TicTocLife - A Story of Financial Independence
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Merry Aftermas!

By Jenni

December always makes Chris and I happy to see people enjoying the holidays. Even though it's been a tough road, everyone seems to have gotten into the holiday spirit, perhaps a little more this year. Christmas trees went up around town even before the first of the month. Beaming white lights and decor fill almost every doorway and window we pass on our daily walks. It brings us so much joy to see the holiday spirit come alive.

Even though we have not been physically able to get together with our families this year, we feel like we have spent more quality time with one another.
  • We started a family book club by reading You Better Not Cry: Stories for Christmas by Augusten Burroughs. Afterward, we had a family zoom call to recount funny Christmas memories.
  • Zoom holiday craft time was a surprise for my mom this year. With our favorite cocktails in hand, we made salt dough ornaments.
  • We replaced most of our traditional store-bought gift-giving with simple handmade crafts or goodies.
  • Joe at Retire By 40 shared a delicious Thai dish that we recreated along with some of our favorite dessert treats.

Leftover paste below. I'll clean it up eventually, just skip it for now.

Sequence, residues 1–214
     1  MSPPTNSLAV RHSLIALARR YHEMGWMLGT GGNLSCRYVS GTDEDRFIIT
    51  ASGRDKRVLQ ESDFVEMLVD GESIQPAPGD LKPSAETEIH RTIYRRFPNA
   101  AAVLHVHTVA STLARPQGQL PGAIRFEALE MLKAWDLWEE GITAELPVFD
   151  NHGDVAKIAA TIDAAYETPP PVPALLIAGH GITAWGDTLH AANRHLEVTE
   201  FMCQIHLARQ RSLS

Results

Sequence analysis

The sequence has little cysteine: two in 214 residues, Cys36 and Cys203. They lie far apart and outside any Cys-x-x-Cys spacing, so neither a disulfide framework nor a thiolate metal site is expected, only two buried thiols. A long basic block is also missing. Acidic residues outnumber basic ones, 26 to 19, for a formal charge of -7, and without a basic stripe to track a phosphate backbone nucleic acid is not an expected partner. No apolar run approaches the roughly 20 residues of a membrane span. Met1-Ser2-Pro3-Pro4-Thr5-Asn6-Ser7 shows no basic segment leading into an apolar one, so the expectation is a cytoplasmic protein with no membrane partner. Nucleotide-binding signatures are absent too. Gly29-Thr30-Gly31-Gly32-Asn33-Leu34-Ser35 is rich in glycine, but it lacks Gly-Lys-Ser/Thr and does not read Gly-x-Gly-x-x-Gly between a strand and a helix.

Making holiday ornament
Virtual gatherings provided more quality time with family
We've been blessed with several abnormally warm days this December. Sixty degrees of warmth made seeing family and friends safely outdoors a little more enjoyable. On our last nature walk to find river stones, we found a fun pathway leading through a long tunnel. We will have to return and do some more exploring in the Spring.

This month, we tried a few different types of writing styles as well as recapping November's budget. Be sure to cast your vote in this month's donation poll for those organizations that need a lot of help right now for medical disaster relief.
  1. A Timely Letter to My Teenage Self (The True Cost of College)
  2. The Architect Who Made Nothing
  3. How the 4 Expressions of Power Affect Your Wealth and Well-Being
  4. Medical Disaster Relief Organizations (and Nov. 2020 Budget)

What I Wish I Would Have Told Myself

POST A Timely Letter to My Teenage Self (The True Cost of College)